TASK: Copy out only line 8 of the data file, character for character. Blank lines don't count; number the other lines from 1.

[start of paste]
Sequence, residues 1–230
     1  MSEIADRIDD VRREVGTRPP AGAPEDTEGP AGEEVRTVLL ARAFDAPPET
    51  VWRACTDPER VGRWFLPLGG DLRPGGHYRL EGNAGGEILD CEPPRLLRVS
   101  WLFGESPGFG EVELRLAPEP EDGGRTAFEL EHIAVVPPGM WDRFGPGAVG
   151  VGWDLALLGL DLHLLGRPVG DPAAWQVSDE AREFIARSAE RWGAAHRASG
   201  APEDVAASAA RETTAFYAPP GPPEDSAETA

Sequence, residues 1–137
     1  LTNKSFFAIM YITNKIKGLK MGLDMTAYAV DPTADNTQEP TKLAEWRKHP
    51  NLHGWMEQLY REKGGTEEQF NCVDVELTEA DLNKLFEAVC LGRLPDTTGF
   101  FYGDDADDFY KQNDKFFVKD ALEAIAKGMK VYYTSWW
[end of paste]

     1  LTNKSFFAIM YITNKIKGLK MGLDMTAYAV DPTADNTQEP TKLAEWRKHP